A Childhood Memory Helped This Founder Find Her Passion

Marissa Louie, CEO of stuffed animal company Animoodles, found her path thanks to a cherished toy that belonged to her late sister.
A Childhood Memory Helped This Founder Find Her Passion
Image credit: Courtesy of Marissa Louie
Magazine Contributor
3 min read

This story appears in the January 2019 issue of Entrepreneur. Subscribe »

My younger sister, Lauren, and her boyfriend, Leonard, were college students with bright futures ahead of them when they both died in a car accident in 2007. As I grieved, I tried to make sense of the loss. And that led me to this thought: I’m going to do what I want now. This might be my only chance. Life can be so short.

Trouble was, I wasn’t sure what I really wanted. I was a 24-year-old tech consultant, which I didn’t love. So I quit to learn design, which I was more passionate about, and eventually became a senior-level designer for Apple and then Yahoo. But even then, there was something missing. I wanted to feel like I was doing meaningful work.

One morning, I woke up holding a teddy bear in bed. That’s when things snapped together.

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My sister and I had a deep bond over stuffed animals. We had hundreds of them growing up, and my family still has my sister’s favorite, a brown little teddy bear named Puffy. As I sat thinking about Puffy, I remembered how my sister and I always wished we could improve stuffed animals. The form factor of classic stuffed animals was so limited: They couldn’t be posed, and their appearances couldn’t be changed. We wanted to pose them and trade their body parts -- a frog’s legs on a unicorn, say. I’d forgotten all about this; they were ideas from when life was simple, and I wasn’t worried about what was practical. But who was to say I couldn’t return to it?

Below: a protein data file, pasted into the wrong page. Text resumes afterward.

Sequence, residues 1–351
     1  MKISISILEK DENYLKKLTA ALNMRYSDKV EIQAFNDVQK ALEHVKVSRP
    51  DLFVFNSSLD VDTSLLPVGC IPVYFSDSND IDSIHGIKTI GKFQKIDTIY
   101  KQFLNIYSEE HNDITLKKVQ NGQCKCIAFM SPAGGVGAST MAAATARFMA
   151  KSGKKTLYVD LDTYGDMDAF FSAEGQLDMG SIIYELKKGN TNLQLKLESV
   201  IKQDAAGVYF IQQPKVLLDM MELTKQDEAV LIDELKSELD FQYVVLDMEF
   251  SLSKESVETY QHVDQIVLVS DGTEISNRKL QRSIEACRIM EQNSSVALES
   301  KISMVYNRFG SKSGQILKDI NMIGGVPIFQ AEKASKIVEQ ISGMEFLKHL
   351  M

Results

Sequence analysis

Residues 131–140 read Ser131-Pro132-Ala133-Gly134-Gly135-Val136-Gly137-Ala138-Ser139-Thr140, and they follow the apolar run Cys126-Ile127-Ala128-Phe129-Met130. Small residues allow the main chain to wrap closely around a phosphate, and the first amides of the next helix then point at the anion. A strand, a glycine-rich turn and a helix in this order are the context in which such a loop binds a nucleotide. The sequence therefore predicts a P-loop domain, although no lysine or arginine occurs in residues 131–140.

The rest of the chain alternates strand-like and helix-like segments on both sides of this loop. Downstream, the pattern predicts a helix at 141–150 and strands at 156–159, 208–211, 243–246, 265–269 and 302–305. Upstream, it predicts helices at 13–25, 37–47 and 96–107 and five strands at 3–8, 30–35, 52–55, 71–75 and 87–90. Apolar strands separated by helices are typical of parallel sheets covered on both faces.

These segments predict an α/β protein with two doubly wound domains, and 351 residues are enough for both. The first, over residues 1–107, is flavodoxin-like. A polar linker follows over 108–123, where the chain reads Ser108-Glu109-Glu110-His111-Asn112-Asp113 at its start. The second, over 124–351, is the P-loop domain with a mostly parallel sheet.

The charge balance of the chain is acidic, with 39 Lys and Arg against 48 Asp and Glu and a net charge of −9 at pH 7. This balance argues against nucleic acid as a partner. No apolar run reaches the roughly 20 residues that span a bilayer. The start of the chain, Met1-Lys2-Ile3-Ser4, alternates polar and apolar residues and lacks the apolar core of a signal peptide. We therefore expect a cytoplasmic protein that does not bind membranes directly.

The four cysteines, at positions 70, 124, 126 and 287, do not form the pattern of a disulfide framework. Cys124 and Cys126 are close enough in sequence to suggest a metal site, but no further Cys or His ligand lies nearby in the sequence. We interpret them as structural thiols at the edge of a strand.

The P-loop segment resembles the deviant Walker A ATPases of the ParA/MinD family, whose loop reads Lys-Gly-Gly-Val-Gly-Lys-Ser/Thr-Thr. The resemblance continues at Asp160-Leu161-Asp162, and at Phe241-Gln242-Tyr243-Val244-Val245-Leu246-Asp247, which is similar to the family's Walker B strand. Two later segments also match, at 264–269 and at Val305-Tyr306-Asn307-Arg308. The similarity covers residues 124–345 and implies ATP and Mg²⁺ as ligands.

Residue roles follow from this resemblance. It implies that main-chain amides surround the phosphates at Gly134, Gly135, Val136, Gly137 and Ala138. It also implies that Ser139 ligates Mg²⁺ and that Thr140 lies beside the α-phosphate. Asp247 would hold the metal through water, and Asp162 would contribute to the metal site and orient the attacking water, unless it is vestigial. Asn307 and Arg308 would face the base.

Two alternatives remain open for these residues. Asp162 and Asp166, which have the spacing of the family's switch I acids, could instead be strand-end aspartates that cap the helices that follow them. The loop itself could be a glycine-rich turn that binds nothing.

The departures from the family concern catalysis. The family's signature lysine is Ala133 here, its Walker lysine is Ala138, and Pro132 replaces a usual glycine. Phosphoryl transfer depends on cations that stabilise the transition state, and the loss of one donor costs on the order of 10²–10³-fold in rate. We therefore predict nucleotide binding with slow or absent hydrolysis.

In 2016, I connected with Dan Holland, an artist and a designer at Pixar. We decided to redesign classic stuffed animals, with poseable arms, legs, and even heads that can mix and match. In the fall of 2017, we raised $100,159 for our brand, Animoodles, on Kickstarter -- the highest for a classic toy on the platform that year. Numerous awards followed, and we’ve already sold many times over our original sales goals.

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Now when I look at Puffy, and I think of the new toys I create, I finally understand what I was looking for at the beginning: I wanted to find my passion, and that’s not always something that comes easy. It’s OK to go searching for it -- to try new things, and explore old parts of your life, in order to find it. The way I see it now, I’ve reconnected with a passion -- and found a way to move forward, dedicated to my sister’s memory.

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